I agree with AN. CM will be much better value for money in this situation unless you work unusual hours. Also, I don't know where you live, but I wouldn't want to be over-reliant on a nanny share to work, if that is the only way I could afford a nanny. It is hard (at least where we are) to find a compatible family in terms of distance, number of kids, timings, and the undefinable quality of just getting along well enough. If this share doesn't work out, would you be able to find another one relatively quickly? I think it's better for you if you at least understand what else is out there, if you need a fall back plan. It's not clear to me whether your DCs will be looked after at the same time as the other families, but if it's together, it's worth emphasizing what Nick said re costs it's not just laying out your expectations for the nanny, it's going to be important for you and the other family to have similar expectations.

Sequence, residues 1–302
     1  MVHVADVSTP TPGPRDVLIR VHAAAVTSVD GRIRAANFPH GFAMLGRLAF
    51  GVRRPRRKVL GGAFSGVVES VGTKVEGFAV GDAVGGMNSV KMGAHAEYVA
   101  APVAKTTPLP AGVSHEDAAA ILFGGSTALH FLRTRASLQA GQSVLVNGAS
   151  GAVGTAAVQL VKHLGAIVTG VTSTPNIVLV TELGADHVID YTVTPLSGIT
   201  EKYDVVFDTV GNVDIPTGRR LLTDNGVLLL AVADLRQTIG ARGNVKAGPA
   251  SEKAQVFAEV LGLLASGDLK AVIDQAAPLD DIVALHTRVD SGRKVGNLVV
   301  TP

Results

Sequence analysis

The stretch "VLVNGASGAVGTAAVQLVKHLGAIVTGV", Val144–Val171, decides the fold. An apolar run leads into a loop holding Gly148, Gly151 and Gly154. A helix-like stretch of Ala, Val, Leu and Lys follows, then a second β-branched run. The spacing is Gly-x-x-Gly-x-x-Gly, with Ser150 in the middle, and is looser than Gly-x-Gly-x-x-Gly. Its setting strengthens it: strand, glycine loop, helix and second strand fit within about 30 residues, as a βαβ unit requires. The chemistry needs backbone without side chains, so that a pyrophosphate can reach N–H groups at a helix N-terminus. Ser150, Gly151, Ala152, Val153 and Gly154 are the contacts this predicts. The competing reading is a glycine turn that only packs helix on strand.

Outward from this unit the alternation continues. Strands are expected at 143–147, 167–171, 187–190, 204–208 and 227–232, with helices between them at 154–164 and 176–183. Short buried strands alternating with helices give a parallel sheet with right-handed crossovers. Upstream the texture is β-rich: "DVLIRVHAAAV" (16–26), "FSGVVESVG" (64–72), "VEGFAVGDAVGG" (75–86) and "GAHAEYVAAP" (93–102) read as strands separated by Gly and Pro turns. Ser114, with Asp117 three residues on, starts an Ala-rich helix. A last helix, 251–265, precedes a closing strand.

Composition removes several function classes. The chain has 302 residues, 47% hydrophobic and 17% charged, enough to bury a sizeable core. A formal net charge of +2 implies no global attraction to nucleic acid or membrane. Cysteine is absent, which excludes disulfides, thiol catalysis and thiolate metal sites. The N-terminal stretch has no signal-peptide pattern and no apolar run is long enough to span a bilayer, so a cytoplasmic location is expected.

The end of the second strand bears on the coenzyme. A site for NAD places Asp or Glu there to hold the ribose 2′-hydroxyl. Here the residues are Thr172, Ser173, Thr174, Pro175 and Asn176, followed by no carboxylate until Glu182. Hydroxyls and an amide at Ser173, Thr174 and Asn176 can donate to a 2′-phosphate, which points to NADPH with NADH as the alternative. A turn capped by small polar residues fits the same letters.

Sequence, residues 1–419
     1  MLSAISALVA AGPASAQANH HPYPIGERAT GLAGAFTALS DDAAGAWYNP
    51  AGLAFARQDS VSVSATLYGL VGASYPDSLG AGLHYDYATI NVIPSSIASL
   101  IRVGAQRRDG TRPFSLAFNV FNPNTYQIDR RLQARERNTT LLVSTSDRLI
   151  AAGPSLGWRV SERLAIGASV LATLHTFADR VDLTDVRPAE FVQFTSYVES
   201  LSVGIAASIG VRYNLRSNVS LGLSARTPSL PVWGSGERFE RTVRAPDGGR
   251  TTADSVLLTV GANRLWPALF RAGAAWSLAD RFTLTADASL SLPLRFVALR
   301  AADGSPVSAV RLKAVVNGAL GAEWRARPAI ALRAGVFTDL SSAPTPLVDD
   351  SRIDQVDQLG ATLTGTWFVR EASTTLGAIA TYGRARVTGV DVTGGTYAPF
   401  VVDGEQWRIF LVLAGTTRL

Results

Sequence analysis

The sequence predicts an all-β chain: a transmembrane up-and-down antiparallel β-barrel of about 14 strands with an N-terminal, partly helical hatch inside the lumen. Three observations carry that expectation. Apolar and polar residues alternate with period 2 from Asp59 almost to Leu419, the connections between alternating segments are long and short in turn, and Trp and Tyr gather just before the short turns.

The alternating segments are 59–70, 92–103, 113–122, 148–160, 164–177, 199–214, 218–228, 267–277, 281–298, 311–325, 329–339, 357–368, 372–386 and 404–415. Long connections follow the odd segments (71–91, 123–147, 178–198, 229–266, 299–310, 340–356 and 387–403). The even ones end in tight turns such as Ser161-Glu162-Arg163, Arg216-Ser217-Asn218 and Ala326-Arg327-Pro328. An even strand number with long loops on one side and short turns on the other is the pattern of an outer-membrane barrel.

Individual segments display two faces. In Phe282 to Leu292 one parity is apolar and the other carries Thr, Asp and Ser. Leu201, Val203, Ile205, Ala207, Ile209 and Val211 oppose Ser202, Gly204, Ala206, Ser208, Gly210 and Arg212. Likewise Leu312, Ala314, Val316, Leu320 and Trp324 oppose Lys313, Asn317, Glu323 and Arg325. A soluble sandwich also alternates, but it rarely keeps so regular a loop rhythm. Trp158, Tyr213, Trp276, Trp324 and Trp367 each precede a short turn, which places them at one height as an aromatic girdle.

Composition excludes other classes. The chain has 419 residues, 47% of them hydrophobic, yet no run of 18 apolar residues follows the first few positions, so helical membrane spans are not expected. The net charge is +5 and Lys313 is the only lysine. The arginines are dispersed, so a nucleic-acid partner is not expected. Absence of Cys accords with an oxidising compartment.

We had a 'recommendation' for our first nanny as well and it didn't work out at all - one of the reasons we hesitated to end it was that she was a 'known quantity' as such, etc etc. We were intimidated by the process of hiring a 'stranger.' In reality when we started interviewing for her replacement we found some lovely people and a nanny our daughter was crazy about. I suspect once you get out there and start meeting CMs from the council list you will do the same and feel more comfortable with the concept. Just make sure to take up references really carefully, and it will be fine.

gingerninja Mon 04-Aug-08 21:05:34